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Supreme Court declines to hear Facebook facial recognition case


steven36
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The Supreme Court on Tuesday declined to take up a high-profile court battle over whether users can sue Facebook for using facial recognition technology on their photos without proper consent.

 

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The high court rejected Facebook's bid to review the case, meaning the social media giant will likely have to face the multibillion-dollar class-action lawsuit over whether it violated an Illinois privacy law.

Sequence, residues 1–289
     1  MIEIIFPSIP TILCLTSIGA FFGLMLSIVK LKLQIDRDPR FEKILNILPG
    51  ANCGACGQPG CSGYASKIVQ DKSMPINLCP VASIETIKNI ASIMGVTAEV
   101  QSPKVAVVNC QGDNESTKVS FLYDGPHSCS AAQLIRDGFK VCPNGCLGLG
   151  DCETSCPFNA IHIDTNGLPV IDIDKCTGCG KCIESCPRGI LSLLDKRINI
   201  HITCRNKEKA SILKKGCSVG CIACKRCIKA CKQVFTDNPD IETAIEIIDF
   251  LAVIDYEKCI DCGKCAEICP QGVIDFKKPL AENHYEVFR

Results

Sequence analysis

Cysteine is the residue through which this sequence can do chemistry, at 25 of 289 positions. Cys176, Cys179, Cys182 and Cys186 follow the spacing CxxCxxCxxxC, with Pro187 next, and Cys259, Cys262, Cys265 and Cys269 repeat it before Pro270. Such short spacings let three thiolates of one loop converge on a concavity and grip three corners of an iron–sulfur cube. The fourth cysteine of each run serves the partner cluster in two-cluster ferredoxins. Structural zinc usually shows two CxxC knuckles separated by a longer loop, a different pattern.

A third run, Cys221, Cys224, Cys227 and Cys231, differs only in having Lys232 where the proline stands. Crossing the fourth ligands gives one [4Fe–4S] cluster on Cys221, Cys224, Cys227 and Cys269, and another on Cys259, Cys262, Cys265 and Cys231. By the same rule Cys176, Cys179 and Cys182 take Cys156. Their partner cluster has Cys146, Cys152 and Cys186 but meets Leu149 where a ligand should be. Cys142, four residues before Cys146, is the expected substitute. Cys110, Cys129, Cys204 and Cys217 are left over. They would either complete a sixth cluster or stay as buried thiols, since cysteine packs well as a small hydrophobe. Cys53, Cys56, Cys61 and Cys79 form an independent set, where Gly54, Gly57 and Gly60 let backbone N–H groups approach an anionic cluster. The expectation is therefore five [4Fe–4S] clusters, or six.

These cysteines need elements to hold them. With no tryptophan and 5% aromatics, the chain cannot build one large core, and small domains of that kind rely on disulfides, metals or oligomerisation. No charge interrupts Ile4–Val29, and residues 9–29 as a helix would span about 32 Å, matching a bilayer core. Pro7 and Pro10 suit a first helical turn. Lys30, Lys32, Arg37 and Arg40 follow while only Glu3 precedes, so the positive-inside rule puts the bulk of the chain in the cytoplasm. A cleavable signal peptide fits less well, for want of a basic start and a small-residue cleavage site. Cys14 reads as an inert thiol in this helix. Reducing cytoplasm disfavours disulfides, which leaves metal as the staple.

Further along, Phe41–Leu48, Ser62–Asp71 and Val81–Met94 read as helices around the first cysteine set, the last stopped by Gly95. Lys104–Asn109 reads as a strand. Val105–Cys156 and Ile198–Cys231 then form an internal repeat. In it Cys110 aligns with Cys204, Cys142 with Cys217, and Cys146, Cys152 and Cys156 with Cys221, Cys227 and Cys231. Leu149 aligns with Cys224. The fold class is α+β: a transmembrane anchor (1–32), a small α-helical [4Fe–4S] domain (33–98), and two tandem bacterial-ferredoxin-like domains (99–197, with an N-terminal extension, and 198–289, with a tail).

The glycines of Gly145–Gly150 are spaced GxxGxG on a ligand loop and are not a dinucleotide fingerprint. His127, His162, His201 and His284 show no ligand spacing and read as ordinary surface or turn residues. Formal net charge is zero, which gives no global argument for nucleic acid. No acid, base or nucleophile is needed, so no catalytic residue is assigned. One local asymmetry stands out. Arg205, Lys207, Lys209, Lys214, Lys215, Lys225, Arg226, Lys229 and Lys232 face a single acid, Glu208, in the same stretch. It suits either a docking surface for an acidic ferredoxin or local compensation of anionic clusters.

The case, Facebook vs. Patel, hinges on a question over whether Facebook violated Illinois law when it implemented a photo-tagging feature that recognized users' faces and suggested their names without obtaining adequate consent. Facebook argued to the Supreme Court that the class-action case should not be allowed to proceed because the group of users have not proven that the alleged privacy violation resulted in "real-world harm." 

 

"Although plaintiffs claim that their privacy interests have been violated, they have never alleged — much less shown — that they would have done anything differently, or that their circumstances would have changed in any way, if they had received the kind of notice and consent they alleged that [the Illinois law] requires, rather than the disclosures that Facebook actually provided to them,” Facebook wrote in its petition.